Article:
FSA’s Compounding Fines on Barclays: £7.7m for Several Failures, £60m for Redress of Customers

Jack Humphrey, Regulatory journalist
January 18, 2011 /

British watchdog Financial Services Authority (FSA) has imposed a financial penalty of £67.7 million on Barclays PLC, the highest fine it so far handed out to a retail bank for failing to advise customers in relation to the sale of funds.

In a Final Notice it forwarded to Barclays, FSA cited several failures on the part of the bank “to take reasonable care to ensure the suitability of its advice regarding the Funds for customers,” therefore seeking the bank to pay £7.7 million in fines. The financial penalty would have been £11 million if Barclays did not qualify for a 30 percent reduction in accordance with FSA’s executive settlement procedures, the authority said.

The penalty emanated from Barclays’s sale of Aviva’s Global Balanced Income Fund (the Balanced Fund) and Global Cautious Income Fund (the Cautious Fund) to 12,331 customers for £692 million overall. FSA’s investigation revealed several failures in the way Barclays sold the funds, including its failure to ensure that sales staff possess enough skills and knowledge to explain to customers the risks associated with the funds.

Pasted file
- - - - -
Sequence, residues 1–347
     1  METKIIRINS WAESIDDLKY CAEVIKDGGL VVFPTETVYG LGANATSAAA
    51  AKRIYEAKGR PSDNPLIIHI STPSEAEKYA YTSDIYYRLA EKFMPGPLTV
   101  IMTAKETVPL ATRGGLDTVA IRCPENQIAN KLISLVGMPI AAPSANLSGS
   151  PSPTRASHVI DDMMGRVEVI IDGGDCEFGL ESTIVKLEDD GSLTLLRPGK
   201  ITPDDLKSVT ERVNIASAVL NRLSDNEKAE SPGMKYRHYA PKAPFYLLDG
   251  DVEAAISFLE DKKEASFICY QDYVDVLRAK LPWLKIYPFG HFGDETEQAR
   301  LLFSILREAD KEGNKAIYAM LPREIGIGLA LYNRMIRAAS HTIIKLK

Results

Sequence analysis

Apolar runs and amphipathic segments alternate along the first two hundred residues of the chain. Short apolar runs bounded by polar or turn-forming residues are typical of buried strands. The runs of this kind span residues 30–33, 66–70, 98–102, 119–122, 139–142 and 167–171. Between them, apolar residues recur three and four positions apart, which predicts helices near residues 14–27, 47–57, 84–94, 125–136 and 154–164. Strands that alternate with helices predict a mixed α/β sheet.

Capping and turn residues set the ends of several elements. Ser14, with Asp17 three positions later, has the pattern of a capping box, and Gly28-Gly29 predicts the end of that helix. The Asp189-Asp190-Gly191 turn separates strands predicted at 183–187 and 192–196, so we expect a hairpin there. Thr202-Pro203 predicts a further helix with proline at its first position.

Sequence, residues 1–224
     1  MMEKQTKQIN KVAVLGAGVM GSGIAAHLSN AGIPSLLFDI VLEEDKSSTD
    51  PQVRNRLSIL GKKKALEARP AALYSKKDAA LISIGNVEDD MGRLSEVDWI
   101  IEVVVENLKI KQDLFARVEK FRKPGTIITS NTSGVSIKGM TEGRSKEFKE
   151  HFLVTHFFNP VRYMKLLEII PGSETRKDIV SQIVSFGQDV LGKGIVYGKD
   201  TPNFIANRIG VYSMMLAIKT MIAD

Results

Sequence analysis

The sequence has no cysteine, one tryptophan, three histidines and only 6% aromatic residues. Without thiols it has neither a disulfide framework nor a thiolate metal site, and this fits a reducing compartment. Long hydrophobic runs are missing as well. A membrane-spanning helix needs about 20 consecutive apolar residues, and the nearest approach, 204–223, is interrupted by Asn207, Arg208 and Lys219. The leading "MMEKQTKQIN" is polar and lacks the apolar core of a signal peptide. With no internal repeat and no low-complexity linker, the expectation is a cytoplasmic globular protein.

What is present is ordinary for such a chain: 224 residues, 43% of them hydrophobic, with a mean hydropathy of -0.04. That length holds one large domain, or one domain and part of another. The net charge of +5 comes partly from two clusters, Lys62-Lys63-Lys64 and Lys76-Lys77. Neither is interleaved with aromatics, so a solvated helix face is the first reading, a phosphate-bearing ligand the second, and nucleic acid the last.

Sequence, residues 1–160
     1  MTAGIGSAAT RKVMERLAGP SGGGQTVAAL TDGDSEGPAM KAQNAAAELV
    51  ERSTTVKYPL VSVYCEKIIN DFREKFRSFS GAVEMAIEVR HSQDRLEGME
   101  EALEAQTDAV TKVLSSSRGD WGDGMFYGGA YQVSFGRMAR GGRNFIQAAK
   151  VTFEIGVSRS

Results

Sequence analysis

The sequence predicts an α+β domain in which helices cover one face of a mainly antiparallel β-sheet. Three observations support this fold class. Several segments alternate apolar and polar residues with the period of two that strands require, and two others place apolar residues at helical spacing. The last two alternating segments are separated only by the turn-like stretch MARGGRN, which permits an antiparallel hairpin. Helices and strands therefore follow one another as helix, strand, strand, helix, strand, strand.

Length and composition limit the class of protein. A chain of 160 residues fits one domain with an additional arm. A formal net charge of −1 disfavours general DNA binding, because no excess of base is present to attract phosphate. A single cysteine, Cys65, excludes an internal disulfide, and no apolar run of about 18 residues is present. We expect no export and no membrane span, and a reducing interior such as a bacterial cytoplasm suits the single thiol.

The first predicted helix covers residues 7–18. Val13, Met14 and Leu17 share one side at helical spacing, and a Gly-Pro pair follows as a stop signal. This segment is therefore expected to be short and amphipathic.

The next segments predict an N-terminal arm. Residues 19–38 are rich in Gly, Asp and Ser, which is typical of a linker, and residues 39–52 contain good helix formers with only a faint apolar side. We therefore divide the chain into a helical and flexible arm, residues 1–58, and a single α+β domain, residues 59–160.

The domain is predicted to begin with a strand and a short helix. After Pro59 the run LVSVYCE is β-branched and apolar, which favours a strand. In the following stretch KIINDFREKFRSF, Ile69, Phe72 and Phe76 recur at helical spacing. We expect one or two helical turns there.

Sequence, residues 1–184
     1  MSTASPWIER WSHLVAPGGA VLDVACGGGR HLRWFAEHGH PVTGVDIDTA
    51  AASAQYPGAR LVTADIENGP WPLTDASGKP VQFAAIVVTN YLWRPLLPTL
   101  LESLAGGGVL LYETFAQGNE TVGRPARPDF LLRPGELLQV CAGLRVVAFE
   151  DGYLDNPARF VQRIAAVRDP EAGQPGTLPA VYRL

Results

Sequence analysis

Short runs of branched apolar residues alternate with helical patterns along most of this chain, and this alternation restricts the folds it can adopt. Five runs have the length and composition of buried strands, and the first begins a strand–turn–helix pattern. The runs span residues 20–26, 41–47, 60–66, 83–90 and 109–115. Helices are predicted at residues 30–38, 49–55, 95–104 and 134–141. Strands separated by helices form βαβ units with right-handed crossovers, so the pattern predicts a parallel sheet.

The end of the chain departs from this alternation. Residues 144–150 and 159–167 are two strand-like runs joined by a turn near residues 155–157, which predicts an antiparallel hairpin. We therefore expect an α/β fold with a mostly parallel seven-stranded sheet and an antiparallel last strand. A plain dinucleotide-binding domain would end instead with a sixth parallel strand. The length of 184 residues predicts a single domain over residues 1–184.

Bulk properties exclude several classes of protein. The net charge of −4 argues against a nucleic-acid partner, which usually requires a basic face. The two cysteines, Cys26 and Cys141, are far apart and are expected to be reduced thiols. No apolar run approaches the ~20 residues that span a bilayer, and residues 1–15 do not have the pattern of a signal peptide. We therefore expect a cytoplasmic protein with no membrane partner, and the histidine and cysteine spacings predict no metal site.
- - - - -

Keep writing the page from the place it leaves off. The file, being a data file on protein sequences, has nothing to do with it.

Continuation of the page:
In addition, Barclays also failed to make sure that materials given to customers such as brochures could not mislead them with inadequate information and explanation about the risks that go with the funds they bought. FSA also said Barclays did not adequately monitor the process of sales of funds and failed to respond promptly when issues emerged.

“In fact, of the 12,000 or so investors, most of whom were retired or nearing retirement, 1,730 complained about the advice they were given to invest in the funds,” the FSA said.

The investigation showed that 51 percent of the Cautious Fund, or 3,099 in sales, and 74 percent of the Balance Fund equivalent to 3,378 in sales, “have been identified as requiring further consideration.”

Thousands of investors, majority of which are on their retirement already or close to it, have borne the brunt of Barclays’s failures, FSA’s managing director of enforcement and financial crime Margaret Cole said.

The bank has already paid an initial £17 million, with more than £42 million in addition to it that is expected to be secured by FSA to redress the investors who received deficient advice from Barclays.

 

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